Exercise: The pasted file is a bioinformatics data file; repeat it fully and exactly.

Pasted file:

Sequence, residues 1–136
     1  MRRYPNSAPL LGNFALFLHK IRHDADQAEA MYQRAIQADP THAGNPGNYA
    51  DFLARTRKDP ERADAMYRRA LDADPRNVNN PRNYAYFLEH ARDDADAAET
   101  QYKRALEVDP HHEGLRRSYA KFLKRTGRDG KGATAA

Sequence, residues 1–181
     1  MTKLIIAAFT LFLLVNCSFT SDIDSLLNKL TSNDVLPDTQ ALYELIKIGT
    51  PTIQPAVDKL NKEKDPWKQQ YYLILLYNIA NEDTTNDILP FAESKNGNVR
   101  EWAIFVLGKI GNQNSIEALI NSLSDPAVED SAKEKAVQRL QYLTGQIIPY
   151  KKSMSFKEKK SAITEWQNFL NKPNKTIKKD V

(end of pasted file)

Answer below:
Sequence, residues 1–136
     1  MRRYPNSAPL LGNFALFLHK IRHDADQAEA MYQRAIQADP THAGNPGNYA
    51  DFLARTRKDP ERADAMYRRA LDADPRNVNN PRNYAYFLEH ARDDADAAET
   101  QYKRALEVDP HHEGLRRSYA KFLKRTGRDG KGATAA

Sequence, residues 1–181
     1  MTKLIIAAFT LFLLVNCSFT SDIDSLLNKL TSNDVLPDTQ ALYELIKIGT
    51  PTIQPAVDKL NKEKDPWKQQ YYLILLYNIA NEDTTNDILP FAESKNGNVR
   101  EWAIFVLGKI GNQNSIEALI NSLSDPAVED SAKEKAVQRL QYLTGQIIPY
   151  KKSMSFKEKK SAITEWQNFL NKPNKTIKKD V